In order to compare the effect on liver enzymes of the hexane extract of U. articulata (USahex), which was the most active against female worms, an unpaired two-tailed -test was done for aspartate aminotransferase (AST) at 95% confidence interval () because both control and test groups had the same variances. This was also done for alanine aminotransferase (ALT) with Welch’s correction because the variances were not the same. There was no significant difference between the control (2% DMSO) and test (USaHex) groups with values of 0.77860 and 0.5943 for AST and ALT, respectively, as shown in Figure 2. The AST : ALT ratio of mean enzyme activity for the test group was =0.54, indicating no adverse effect in the mouse liver given it is <1.

Also, no significant difference was found between the control and mice treated with Pammet for body weight (), and enzyme activities with values of 0.59 and 0.52 for AST and ALT, respectively, as shown in Figure 3. However, the AST : ALT ratio was 2.59 indicating adverse effect in the liver.

4. Discussion

Chemotherapy of onchocerciasis remains a challenge given the very limited number of available filaricides. This study screened extracts of three lichens as a potential source of filaricidal molecules considering their wide-ranging antimicrobial and demonstrated anthelmintic activity [8]. This study recorded high anti-Onchocerca activity for the methanol extract of one lichen, P. tinctorum, with high selectivity for the adult male worm. Also, moderate activity was shown by the hexane extract of U. articulata against the adult female with a relatively low selectivity (Table 2). This is the first report of the anti-Onchocerca activity of the studied lichens collected from Mount Cameroon.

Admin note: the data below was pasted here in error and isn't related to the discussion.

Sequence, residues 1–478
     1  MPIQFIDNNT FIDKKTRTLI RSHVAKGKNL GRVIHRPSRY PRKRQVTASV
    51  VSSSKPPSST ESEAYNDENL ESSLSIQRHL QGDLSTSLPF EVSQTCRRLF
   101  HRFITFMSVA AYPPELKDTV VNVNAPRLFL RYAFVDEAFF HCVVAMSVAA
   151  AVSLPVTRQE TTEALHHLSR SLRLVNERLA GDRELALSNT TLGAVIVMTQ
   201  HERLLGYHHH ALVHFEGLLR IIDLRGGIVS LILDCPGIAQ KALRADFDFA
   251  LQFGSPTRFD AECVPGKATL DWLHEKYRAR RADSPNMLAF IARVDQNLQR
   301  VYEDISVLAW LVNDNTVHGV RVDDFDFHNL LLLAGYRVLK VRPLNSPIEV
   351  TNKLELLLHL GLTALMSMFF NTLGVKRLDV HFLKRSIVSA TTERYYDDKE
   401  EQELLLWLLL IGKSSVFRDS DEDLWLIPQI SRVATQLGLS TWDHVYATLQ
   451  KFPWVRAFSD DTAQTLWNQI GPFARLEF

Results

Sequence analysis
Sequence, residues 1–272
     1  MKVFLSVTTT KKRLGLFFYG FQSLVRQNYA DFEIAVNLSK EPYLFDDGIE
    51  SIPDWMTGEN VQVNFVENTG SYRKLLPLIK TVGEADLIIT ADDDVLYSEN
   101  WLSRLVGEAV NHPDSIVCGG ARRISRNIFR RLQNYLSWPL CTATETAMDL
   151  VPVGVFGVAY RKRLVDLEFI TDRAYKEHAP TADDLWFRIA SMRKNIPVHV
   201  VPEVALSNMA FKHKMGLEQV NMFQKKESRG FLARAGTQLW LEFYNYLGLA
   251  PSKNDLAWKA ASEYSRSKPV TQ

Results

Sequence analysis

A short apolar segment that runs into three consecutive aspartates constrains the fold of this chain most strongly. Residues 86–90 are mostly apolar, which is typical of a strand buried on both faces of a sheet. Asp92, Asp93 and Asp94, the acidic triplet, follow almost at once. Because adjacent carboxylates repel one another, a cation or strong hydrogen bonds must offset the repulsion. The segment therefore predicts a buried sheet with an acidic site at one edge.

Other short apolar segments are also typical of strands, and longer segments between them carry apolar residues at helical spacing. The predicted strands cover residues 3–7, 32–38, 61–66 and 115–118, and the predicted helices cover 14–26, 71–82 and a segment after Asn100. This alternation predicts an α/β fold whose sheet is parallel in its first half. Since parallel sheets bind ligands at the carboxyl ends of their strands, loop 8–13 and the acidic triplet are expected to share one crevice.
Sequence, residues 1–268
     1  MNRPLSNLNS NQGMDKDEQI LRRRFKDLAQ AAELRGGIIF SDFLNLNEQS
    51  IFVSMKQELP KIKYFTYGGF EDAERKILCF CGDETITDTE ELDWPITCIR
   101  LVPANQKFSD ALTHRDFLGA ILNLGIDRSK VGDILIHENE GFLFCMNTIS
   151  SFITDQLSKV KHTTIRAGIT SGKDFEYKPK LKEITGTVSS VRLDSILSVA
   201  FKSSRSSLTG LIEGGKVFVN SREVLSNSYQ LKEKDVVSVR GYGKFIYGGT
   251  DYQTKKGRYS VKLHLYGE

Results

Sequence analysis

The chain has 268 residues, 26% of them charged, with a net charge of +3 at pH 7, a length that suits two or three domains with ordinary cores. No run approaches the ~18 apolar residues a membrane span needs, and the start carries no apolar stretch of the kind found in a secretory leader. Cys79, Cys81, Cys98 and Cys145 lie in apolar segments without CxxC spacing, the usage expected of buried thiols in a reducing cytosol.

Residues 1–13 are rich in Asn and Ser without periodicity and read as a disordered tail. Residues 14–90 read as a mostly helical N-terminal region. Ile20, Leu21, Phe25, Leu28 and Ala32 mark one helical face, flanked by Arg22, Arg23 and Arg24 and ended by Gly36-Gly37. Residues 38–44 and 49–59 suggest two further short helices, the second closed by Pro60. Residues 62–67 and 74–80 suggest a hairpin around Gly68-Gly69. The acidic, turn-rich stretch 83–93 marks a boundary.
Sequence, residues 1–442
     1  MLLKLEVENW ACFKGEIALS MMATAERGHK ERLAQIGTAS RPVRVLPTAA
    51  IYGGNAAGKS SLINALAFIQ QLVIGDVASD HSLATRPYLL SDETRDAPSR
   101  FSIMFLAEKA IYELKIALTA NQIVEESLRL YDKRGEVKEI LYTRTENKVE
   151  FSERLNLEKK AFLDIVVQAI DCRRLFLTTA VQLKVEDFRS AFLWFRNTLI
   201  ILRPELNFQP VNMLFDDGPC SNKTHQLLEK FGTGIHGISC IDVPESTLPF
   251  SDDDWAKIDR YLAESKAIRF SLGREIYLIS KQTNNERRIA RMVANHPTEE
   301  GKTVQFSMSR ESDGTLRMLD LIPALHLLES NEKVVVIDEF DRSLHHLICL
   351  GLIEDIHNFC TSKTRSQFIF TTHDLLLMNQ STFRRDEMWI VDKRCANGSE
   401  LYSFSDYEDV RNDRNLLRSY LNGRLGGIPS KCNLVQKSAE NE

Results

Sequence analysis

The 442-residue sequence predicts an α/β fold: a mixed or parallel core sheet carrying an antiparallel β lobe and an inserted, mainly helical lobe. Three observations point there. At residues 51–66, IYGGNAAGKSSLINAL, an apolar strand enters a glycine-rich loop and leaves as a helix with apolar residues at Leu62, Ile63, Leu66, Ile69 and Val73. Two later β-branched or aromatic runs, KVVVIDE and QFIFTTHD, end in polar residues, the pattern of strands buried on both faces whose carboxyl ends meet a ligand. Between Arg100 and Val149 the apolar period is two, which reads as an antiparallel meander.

All the extracts were active against adult worms with IC50 values below 100 μg/mL except for one (methanol extract of H. obscurata). Overall, the lichen extracts were more active against the adult male worm (lower IC50s) than the female. This difference may be due to the smaller size of the male worm which permits greater penetration and bioavailability in the worm tissue of the bioactive secondary metabolites in the extracts, or action via target(s) uniquely present in the male which needs to be further investigated. The promising properties of P. tinctorum warrant further investigation. This may yield an efficacious macrofilaricide which upon killing the male worm will prevent fertilization of the female and hence abolish production of microfilariae. The resultant effect will be a marked improvement in patients’ welfare since microfilariae are largely responsible for the devastating pathology of onchocerciasis. Partial screening of the extracts on microfilariae also revealed activity against this worm stage indicating potential macro- and microfilaricidal activity in the tested lichens. Further studies will be done to fully assess their microfilaricidal activity. A study of P. tinctorum including other Parmotrema species found in Malaysia reported weak antibacterial activity for this lichen, contrary to two others whose extracts and isolated pure natural products were considerably active [18]. Results of this study further support the anthelmintic potential of lichens as reported [8].

The cytotoxicity test revealed a negligible risk of all but one extract (hexane extract of H. obscurata), with μg/mL [17]. However, only one (methanol extract of P. tinctorum) showed high selectivity for the adult male worm (Table 2). This may be due to quantitative (yield) and qualitative (chemical constituents) differences in the phytochemicals in P. tinctorum compared to the other lichens (Table 1). The relatively abundant phytochemicals (saponins, tannins, flavonoids, and steroids), detected (Table 1), may be responsible for the observed anthelmintic effect and should be isolated and characterized.